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Millie-Christine : Fearfully And Wonderfully Made

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Conjoined twins Millie-Christine endured kidnappings and slavery, in both the United States and England, before rising to prominence as performers in traveling shows throughout Europe.

284 pages, Paperback

First published June 1, 1999

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Joanne Martell

3 books2 followers

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5 stars
8 (19%)
4 stars
18 (42%)
3 stars
8 (19%)
2 stars
6 (14%)
1 star
2 (4%)
Displaying 1 - 8 of 8 reviews
Profile Image for Taylor Brimhall.
51 reviews5 followers
January 3, 2021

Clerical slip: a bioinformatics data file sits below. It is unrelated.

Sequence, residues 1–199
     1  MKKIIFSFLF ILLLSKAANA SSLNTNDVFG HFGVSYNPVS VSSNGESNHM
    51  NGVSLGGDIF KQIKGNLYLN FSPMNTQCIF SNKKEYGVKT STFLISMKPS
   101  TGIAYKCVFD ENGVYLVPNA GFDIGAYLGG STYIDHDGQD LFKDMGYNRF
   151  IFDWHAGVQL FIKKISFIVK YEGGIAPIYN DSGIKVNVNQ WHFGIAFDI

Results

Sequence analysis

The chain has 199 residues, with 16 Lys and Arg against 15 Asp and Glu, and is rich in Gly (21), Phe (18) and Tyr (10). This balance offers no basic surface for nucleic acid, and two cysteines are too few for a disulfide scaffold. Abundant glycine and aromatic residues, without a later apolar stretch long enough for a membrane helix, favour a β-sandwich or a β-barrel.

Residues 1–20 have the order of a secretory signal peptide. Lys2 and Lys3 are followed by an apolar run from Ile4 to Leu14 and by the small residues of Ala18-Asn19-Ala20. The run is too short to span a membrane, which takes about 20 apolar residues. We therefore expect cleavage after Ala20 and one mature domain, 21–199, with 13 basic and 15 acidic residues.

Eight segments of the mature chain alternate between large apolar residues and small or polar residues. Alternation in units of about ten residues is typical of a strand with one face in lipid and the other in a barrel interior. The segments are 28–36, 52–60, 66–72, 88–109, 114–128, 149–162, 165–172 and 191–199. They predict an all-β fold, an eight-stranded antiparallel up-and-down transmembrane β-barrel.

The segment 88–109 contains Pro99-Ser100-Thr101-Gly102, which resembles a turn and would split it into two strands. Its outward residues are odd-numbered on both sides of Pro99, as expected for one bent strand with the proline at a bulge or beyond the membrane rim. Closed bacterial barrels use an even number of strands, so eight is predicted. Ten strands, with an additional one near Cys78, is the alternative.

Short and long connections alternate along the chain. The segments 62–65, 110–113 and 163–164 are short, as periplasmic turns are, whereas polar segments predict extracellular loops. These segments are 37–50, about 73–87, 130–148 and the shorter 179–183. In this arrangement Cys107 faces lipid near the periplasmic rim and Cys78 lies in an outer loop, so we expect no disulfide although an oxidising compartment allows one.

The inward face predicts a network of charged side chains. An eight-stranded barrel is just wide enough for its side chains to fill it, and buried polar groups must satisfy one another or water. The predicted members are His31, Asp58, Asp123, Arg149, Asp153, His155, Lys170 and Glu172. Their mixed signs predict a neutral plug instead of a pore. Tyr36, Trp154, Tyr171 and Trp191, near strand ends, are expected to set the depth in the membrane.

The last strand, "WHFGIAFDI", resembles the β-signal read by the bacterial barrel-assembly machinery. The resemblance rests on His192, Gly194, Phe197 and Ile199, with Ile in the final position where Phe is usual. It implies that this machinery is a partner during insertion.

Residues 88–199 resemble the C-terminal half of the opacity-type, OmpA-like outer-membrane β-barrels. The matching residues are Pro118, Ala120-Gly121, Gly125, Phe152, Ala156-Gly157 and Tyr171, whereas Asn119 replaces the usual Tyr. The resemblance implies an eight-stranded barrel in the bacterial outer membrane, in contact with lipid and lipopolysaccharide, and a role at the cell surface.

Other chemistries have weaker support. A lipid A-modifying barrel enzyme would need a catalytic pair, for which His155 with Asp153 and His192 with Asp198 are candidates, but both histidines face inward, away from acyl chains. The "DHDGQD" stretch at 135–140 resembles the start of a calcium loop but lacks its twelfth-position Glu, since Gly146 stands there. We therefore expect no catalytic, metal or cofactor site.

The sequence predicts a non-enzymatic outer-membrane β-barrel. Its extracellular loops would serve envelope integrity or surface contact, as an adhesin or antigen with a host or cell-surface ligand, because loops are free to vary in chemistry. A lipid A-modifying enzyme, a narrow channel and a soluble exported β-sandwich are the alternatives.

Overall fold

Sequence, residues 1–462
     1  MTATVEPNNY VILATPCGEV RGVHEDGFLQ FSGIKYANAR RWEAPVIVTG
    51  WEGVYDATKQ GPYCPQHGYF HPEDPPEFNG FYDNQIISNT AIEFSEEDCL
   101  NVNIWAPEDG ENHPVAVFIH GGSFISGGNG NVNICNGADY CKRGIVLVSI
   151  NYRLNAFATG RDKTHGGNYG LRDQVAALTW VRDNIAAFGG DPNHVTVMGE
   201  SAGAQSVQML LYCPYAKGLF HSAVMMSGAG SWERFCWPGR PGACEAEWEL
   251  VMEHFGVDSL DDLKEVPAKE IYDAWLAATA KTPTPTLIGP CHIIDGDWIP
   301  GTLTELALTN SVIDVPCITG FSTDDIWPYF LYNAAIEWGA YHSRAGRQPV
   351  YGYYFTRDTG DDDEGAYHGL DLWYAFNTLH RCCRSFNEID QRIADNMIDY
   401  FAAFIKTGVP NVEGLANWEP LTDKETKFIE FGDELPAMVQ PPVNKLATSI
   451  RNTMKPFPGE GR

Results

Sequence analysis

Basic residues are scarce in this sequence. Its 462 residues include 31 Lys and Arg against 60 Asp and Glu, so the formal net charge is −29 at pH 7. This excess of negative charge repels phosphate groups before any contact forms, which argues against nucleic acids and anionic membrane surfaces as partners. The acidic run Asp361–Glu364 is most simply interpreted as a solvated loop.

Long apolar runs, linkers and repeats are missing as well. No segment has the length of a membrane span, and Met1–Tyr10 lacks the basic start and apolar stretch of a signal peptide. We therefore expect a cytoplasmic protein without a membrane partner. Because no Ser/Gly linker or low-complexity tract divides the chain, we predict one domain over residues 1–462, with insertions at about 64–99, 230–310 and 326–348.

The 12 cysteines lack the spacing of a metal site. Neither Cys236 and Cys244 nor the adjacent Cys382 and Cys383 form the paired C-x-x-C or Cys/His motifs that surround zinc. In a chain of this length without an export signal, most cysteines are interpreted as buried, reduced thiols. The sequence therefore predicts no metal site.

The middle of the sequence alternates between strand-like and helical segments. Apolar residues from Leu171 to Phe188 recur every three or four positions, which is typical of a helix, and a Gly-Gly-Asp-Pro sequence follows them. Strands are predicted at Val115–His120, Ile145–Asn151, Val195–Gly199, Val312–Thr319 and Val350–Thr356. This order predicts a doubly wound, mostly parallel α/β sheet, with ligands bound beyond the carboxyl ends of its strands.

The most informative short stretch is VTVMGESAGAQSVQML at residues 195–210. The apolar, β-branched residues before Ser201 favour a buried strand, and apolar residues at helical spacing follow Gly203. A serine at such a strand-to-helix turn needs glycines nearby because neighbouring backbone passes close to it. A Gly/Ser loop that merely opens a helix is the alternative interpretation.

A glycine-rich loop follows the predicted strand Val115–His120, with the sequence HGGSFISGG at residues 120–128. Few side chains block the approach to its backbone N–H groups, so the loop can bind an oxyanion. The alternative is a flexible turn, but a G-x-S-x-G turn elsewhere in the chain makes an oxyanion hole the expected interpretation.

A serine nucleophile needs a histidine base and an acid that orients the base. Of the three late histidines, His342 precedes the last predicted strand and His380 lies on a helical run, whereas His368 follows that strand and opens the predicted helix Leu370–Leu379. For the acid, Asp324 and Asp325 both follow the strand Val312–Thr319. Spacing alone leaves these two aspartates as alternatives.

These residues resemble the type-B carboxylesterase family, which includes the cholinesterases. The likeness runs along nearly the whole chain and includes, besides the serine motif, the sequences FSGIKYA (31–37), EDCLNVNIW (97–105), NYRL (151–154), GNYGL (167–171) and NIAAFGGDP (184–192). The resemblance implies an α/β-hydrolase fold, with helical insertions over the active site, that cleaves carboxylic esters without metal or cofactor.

This is the story of my Great-great-great Aunts so I’m obviously giving it 5-stars (even though the author didn’t do a great job writing it). I really do love Millie-christine’s story. I wish I could have known them. I believe their strength and perseverance lives on inside of me. When life is beating me down I often think of them and what they went through. Lucky to call them family.
Profile Image for jj Grilliette.
442 reviews1 follower
May 6, 2022
Very interesting read about the girls and the kind of life she led
Profile Image for Melissa Dally.
481 reviews4 followers
March 9, 2013